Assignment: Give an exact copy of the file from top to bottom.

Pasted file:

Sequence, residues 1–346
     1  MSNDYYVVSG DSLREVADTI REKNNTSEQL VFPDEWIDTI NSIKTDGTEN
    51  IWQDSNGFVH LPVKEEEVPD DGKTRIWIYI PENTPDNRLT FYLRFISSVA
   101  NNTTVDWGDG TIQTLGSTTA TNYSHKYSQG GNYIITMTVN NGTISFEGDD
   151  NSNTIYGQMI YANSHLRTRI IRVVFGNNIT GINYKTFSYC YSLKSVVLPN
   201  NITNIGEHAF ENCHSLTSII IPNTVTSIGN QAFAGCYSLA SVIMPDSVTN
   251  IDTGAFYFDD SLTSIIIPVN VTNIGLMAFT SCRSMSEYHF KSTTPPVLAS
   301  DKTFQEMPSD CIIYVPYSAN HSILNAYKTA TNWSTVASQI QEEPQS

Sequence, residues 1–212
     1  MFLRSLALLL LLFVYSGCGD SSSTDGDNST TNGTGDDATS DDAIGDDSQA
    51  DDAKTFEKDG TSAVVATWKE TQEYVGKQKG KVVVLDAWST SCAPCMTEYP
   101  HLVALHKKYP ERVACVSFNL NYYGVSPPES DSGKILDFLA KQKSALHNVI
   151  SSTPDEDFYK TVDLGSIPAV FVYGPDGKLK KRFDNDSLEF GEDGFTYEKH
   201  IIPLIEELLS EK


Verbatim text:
Sequence, residues 1–346
     1  MSNDYYVVSG DSLREVADTI REKNNTSEQL VFPDEWIDTI NSIKTDGTEN
    51  IWQDSNGFVH LPVKEEEVPD DGKTRIWIYI PENTPDNRLT FYLRFISSVA
   101  NNTTVDWGDG TIQTLGSTTA TNYSHKYSQG GNYIITMTVN NGTISFEGDD
   151  NSNTIYGQMI YANSHLRTRI IRVVFGNNIT GINYKTFSYC YSLKSVVLPN
   201  NITNIGEHAF ENCHSLTSII IPNTVTSIGN QAFAGCYSLA SVIMPDSVTN
   251  IDTGAFYFDD SLTSIIIPVN VTNIGLMAFT SCRSMSEYHF KSTTPPVLAS
   301  DKTFQEMPSD CIIYVPYSAN HSILNAYKTA TNWSTVASQI QEEPQS

Sequence, residues 1–212
     1  MFLRSLALLL LLFVYSGCGD SSSTDGDNST TNGTGDDATS DDAIGDDSQA
    51  DDAKTFEKDG TSAVVATWKE TQEYVGKQKG KVVVLDAWST SCAPCMTEYP
   101  HLVALHKKYP ERVACVSFNL NYYGVSPPES DSGKILDFLA KQKSALHNVI
   151  SSTPDEDFYK TVDLGSIPAV FVYGPDGKLK KRFDNDSLEF GEDGFTYEKH
   201  IIPLIEELLS EK